APPEAL from the Circuit Court of Rock Island County; the Hon.
HENRY W. McNEAL, Judge, presiding.
MR. PRESIDING JUSTICE SCOTT DELIVERED THE OPINION OF THE COURT:
This is an appeal by the respondent, Sally T. James, from an order of the circuit court of Rock Island County which found her in need of hospitalization for mental treatment.
The respondent in this appeal raises several issues. The first alleged procedural error raised by the respondent is that she was denied a trial by jury.
It is conceded by the State that the respondent through a friend made a demand for a trial by jury and the record does not disclose that this demand was later withdrawn or a trial by jury waived. The Illinois Mental Health Code provides:
"The patient, his spouse, any relative or friend, or an attorney appearing for any of them, may demand that the question of need for mental treatment or need of treatment of mental retardation be heard by jury." Ill. Rev. Stat. 1977, ch. 91 1/2, par. 9-2.
1 Our supreme court has held that our State Constitution of 1870 did not require a jury trial in proceedings to commit an individual for mental treatment. (See People ex rel. Keith v. Keith (1967), 38 Ill.2d 405, 231 N.E.2d 387.) We are unaware of any case which addressed itself to this precise question since the adoption of our Constitution of 1970. We need not be concerned, however, with this constitutional question since the provisions of our Mental Health Code clearly grant the right to a trial by jury when requested in proceedings to commit for mental treatment. (See Ill. Rev. Stat. 1977, ch. 91 1/2, par. 9-2; People v. Gerich (1974), 22 Ill. App.3d 575, 317 N.E.2d 724.) As we have previously noted, the respondent in the instant case through a friend made a demand for trial by jury. There is no indication in the record that this demand was subsequently withdrawn and the record is further devoid of any ruling on the demand. The denial of this right guaranteed by statute constitutes reversible error.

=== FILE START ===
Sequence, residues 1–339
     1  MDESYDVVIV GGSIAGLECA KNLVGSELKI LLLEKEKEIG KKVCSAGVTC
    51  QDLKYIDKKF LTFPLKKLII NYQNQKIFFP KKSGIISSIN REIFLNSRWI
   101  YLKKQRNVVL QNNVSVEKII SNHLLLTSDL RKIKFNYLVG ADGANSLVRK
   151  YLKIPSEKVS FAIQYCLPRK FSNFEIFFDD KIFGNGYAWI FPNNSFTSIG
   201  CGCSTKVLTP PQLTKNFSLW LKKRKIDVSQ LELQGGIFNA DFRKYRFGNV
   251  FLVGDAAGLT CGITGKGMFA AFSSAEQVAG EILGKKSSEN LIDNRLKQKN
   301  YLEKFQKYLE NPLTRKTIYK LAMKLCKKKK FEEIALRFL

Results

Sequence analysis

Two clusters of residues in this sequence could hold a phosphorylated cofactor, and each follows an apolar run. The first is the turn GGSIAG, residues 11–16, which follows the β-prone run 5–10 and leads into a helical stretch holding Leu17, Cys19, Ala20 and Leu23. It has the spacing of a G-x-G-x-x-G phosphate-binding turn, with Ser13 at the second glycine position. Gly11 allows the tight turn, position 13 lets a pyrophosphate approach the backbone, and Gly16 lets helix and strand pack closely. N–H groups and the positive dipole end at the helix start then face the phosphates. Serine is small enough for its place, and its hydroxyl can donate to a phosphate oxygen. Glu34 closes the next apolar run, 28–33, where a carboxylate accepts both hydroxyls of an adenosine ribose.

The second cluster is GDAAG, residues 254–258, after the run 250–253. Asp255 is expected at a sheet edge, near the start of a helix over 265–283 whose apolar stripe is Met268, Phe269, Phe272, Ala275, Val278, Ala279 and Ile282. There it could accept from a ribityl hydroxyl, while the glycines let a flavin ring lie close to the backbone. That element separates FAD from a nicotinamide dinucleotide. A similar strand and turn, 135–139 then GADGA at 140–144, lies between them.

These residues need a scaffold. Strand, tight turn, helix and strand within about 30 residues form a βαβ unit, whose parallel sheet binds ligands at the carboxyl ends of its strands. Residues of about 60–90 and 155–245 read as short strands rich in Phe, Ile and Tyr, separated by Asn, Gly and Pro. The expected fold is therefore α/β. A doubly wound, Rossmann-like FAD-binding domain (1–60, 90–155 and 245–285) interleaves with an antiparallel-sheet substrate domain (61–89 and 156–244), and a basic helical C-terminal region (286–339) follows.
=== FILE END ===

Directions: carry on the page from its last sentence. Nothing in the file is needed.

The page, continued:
The respondent next assigns as error the trial court's refusal to permit her to be present during that portion of the trial when medical testimony was adduced. The relevant provision of the Mental Health Code provides:
"The patient must be present at any hearing or trial held under this Act unless the attorney for the patient waives the patient's presence and the court is satisfied by a clear and positive showing that the attendance of the patient would cause serious risk of physical or emotional injury to him, in which circumstances the judge * * * shall personally observe and confer with the patient." (Ill. Rev. Stat. 1977, ch. 91 1/2, par. 9-4.)
The public defender representing the respondent objected to medical testimony being received outside the presence of his client. This objection was overruled with the following comment by the court: